In the meantime, the board brought in Itskowitz, also from the Kaplan Humanities Scholars Program, as director.
“Jesse is a really great director,” Zawadzki said. “We trust his vision. We all discussed with him what his vision was of the show this summer.”
The board has let Itskowitz work creatively with the show, meeting with him occasionally to find out how the production is going. In rehearsals, it becomes more obvious that Itskowitz is the creative force behind Ubu Roi – his ideas shape how a surreal play from the 19th century will safely make its way onto a 21st century stage while maintaining the abrupt and absurd surprises.
A Communications sophomore studying film, Itskowitz isn’t an authoritative director with a booming voice. In rehearsal, he sat in a chair, but never in one position for too long. He was sitting backwards, kneeling on the chair and hugging the back of the chair. He leaned back, with legs stretched forward and perched on another chair that he had dragged close, his script on his lap. He swiveled back and forth in his chair, his eyes focused on his actors the whole time.
“Hold,” Itskowitz said, and the actors immediately stopped and looked up.
Itskowitz asked big questions like “Who are you?” and “Why are you here?” He made the actors explain themselves and justify their actions. Sometimes he explained the situation himself. But he never once told them how they should sound or act. He only explained the flow of emotion he wanted to build up in the scene.
“What I’m really interested in is character,” Itskowitz said, “like the little things that people do that reveal something about them. The way they behave in a certain context.”
Itskowitz said he had worked with people who have little experience in theatre. You tend to get people who have a lot of intellect, he said, who have experience in something other than theatre that they can bring in. The combination of these talents is what crafts interesting performances.
“It takes a while to get there and it can be a painful process, but when you get there, you get wonderful, wonderful results,” Itskowitz said.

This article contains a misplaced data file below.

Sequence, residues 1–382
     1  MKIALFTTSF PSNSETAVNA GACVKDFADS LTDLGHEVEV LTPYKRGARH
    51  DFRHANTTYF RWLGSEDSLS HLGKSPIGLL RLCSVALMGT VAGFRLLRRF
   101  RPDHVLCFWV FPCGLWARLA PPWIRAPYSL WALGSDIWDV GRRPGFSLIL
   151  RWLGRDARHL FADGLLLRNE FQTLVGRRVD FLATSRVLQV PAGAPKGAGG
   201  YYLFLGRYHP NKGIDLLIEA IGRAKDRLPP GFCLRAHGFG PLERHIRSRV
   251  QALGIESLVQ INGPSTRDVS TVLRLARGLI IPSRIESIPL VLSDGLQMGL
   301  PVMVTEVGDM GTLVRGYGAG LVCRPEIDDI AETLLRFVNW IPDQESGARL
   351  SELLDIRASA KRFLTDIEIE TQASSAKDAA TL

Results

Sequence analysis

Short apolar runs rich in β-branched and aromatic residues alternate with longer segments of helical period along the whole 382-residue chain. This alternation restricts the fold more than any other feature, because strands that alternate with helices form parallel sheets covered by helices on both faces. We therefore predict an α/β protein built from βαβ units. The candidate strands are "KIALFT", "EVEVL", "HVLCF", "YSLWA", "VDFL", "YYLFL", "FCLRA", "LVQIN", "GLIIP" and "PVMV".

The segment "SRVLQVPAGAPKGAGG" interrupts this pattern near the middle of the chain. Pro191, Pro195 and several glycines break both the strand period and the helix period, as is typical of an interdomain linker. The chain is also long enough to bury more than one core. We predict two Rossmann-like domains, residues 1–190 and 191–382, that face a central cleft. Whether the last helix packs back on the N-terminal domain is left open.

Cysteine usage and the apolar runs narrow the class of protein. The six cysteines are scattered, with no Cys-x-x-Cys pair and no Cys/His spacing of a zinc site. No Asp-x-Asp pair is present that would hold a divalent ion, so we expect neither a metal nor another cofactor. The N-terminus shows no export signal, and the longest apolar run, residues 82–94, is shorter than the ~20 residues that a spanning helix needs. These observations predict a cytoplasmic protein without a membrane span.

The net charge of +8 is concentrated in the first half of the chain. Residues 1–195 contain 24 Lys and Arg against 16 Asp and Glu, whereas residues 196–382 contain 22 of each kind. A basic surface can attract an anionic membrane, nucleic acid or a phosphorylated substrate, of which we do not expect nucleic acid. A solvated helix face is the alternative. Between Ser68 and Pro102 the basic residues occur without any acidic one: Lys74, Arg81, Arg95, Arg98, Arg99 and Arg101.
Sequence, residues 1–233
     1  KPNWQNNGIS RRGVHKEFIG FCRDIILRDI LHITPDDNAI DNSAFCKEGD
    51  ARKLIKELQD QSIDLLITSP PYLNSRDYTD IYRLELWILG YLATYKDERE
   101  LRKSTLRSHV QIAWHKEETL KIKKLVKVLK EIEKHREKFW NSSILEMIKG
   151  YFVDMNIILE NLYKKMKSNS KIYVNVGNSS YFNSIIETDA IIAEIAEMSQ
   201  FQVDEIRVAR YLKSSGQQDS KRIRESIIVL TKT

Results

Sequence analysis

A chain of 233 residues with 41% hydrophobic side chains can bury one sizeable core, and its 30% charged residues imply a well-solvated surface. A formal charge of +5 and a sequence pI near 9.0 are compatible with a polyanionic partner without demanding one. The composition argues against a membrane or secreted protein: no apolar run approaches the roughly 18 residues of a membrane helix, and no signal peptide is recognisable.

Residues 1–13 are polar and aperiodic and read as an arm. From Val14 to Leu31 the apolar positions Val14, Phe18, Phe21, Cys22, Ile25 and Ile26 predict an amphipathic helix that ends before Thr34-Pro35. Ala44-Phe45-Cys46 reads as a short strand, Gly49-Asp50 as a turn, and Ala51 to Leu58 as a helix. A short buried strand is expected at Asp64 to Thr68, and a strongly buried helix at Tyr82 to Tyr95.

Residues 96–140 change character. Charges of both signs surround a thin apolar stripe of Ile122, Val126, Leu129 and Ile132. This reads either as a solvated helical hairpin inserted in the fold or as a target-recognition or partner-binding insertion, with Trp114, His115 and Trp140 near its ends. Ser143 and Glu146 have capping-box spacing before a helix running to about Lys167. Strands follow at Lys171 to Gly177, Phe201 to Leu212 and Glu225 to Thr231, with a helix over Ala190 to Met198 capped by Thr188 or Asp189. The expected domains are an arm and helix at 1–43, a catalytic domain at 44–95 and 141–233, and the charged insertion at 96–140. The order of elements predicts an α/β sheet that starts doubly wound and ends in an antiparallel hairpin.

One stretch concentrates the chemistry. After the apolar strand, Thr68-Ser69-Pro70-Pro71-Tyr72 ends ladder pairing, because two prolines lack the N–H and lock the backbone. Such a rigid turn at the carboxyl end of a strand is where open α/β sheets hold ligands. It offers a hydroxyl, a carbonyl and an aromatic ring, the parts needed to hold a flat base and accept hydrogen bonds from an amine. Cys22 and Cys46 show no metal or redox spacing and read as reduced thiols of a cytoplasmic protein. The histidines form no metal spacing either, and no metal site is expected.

It was also Itskowitz that introduced Medill sophomore Katherine Stein to the world of theatre. Stein, who had no experience with theatre, is one of two stage managers for the show. In every rehearsal that I went to, Stein sat cross-legged on the carpeted floor, the script, notepad, scheduler and laptop all open around her. She took rehearsal notes to be sent out via email after every rehearsal.
The rehearsal typically ran four hours each day except Friday, with the actors arriving and leaving after an hour or two of working on a scene with Itskowitz. Stein was there the whole time, typing emails, scheduling rehearsals, sorting out schedule conflicts, and occasionally piping up to correct the actors’ pronunciations of “Wenceslas” and “Bougrelas.”
“I had no experience in theater whatsoever. But I always wanted to try,” Stein said. “Then Jesse told me all I needed to do was be organized. I thought, I can do that.”
Zawadzki uses the word “inclusive” when characterizing Beg to Differ.
“It’s not stuffy, it’s not entirely classical, it’s not exactly Shakespeare,” Zawadzki explained. “But it’s not so modernized that people who don’t like the new kind of theater wouldn’t see it. We wanted it to be as inclusive as possible and appeal to a large number of students.”
“We don’t want to make one type of play our thing,” Peeples said. “Anything is possible. Our biggest goal is to use this production as a springboard to become an ASG-approved organization. Hopefully, when people hear about this show and come to this show, especially non-majors, they can think, ‘Oh, that’s something I might want to be involved in.’”
Ubu Roi is set to go onstage at the Jones Great Room on Friday, Feb. 7 at 8 p.m. and 11 p.m., and on Saturday, Feb. 8 at 2 p.m. and 11 p.m. The crew is building its own stage, creating a world of Ubu Roi within the room.